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This review is from: The Best Laid Plans (Paperback)
Terry: Thank you for having the confidence to self-publish this book in 2007! I chose the book for my book club to read this April after listening to "Canada Reads". I am looking forward to their comments. Who knew we would be in an Election now! Very timely to be reading this book at this time! One needs a laugh at Politics! The characters are colourful personalities and entertaining in their own way. Angus McLintock's conversations to his wife were heart warming and one would not have expected that from him. This book is the most entertaining book I have read since the Millenium series. My husband was wondering why I was laughing so much. He decided to read it and is laughing too. "The High Road" is another great read!! Keep on writing. Faye
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1 of 1 people found the following review helpful
5.0 out of 5 stars Outstanding, March 8 2014
By 
Gordon Ritchie "Woodpusher" (Ottawa, Canada) - See all my reviews
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This review is from: The Best Laid Plans (Paperback)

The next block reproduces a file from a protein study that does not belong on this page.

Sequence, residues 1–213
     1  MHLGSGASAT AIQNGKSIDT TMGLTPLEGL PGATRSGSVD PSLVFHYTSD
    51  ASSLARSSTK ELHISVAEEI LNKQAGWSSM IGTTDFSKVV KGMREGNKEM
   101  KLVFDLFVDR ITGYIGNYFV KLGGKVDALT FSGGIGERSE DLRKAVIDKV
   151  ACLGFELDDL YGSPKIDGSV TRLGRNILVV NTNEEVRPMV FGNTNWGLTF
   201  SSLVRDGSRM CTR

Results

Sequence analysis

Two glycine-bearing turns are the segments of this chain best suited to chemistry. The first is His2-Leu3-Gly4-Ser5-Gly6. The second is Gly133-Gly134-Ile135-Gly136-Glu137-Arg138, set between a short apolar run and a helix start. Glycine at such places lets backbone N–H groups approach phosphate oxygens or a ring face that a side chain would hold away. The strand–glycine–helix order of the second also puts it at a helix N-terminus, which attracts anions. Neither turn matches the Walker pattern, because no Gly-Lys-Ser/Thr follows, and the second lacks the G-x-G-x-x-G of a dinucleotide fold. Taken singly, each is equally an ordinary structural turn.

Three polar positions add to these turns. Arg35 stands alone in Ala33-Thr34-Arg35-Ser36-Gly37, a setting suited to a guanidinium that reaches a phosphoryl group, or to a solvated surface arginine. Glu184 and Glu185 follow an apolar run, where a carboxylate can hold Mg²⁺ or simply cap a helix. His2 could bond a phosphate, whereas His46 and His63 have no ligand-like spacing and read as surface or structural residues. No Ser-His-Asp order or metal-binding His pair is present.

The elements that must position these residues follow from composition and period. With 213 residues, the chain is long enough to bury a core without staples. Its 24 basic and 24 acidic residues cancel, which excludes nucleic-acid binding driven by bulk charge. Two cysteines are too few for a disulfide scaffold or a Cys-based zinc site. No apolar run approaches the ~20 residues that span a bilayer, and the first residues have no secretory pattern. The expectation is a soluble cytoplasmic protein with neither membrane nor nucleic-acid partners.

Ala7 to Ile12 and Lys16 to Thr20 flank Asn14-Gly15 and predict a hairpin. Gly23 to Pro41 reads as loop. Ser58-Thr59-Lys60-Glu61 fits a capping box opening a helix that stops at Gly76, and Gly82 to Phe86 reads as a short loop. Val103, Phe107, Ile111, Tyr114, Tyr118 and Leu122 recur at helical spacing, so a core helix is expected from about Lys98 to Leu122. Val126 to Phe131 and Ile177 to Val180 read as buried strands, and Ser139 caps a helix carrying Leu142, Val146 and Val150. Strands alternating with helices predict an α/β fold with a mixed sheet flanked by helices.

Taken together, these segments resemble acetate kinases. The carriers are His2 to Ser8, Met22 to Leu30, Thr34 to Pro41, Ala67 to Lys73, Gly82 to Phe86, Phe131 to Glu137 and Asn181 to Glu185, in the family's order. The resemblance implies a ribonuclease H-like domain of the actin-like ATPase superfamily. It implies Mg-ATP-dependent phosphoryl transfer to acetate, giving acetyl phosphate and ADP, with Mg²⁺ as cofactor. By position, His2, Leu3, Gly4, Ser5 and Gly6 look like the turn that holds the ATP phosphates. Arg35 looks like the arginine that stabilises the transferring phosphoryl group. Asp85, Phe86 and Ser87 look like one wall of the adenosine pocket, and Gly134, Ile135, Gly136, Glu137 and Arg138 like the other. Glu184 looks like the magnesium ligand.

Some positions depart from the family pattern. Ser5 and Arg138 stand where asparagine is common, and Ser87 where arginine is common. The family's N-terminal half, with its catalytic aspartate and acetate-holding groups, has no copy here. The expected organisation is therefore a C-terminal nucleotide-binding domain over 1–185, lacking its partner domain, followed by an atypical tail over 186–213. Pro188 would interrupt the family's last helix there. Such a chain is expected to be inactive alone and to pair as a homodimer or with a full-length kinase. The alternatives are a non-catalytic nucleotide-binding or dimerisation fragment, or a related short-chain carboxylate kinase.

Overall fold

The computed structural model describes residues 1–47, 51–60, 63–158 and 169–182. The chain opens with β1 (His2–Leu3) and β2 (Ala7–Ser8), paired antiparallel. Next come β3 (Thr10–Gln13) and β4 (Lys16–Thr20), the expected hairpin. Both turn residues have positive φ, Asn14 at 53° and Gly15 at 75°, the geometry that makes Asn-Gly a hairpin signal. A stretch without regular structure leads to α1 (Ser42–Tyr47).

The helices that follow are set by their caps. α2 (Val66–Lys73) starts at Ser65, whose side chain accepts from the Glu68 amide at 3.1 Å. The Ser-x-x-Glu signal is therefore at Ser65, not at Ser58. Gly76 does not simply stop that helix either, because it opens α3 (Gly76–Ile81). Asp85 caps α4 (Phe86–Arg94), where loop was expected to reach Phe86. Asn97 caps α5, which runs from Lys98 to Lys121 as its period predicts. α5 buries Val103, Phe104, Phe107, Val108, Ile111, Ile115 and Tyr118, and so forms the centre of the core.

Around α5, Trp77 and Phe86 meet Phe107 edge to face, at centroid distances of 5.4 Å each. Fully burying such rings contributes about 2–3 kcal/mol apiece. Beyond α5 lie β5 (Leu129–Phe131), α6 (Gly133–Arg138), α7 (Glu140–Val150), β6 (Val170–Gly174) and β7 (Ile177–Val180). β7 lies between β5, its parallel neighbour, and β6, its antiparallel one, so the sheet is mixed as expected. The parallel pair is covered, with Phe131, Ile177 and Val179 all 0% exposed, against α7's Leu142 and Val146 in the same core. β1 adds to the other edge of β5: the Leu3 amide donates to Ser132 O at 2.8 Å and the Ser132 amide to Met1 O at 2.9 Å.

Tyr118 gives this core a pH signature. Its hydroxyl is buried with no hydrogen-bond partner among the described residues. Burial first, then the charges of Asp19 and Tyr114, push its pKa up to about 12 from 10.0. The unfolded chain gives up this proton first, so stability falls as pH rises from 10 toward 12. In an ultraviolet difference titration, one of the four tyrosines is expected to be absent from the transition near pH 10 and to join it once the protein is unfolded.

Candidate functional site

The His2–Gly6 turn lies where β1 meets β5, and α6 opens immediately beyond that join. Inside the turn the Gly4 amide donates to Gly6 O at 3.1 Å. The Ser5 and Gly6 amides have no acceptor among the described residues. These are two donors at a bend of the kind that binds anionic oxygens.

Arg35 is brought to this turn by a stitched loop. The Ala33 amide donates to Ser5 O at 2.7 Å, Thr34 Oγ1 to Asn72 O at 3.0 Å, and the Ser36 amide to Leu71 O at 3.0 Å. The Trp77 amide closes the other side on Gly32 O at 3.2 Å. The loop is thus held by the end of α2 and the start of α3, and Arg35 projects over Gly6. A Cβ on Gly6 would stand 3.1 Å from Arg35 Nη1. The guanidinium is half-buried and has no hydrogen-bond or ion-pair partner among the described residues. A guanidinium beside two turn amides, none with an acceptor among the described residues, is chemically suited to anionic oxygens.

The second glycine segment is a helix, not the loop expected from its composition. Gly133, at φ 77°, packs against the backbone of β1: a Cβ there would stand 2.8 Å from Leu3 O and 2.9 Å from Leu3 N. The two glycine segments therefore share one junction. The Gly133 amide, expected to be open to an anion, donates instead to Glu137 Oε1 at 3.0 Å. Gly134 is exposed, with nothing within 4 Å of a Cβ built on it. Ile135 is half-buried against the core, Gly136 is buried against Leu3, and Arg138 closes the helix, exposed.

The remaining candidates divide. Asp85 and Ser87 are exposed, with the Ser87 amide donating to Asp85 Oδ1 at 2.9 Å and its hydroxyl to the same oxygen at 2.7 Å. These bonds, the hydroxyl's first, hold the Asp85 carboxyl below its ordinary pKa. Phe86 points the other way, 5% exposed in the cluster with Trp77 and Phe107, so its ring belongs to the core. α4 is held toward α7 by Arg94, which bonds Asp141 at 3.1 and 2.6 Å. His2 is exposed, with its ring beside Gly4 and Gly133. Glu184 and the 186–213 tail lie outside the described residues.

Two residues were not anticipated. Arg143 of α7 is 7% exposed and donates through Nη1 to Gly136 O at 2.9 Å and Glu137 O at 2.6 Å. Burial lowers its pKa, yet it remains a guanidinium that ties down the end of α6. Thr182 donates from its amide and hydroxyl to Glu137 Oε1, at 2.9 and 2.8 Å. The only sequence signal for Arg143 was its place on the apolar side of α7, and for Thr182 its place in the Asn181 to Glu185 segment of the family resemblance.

With very few exceptions (notably House of Cards in its original British and current American versions), attempts at political fiction fall flat. They are either strictly by and for insiders and are poorly written; or they are written by authors who have no real appreciation for the intricacies of modern politics and settle instead for cardboard cutout characters.
This is a remarkable exception, doubly exceptional in that it is Canadian. I can think of no other Canadian political fiction that achieves the same quality. It is very well written and, in places, absolutely belly-laughing hilarious. Yet is does bear a recognizable resemblance to actual goings on in Canada's capital.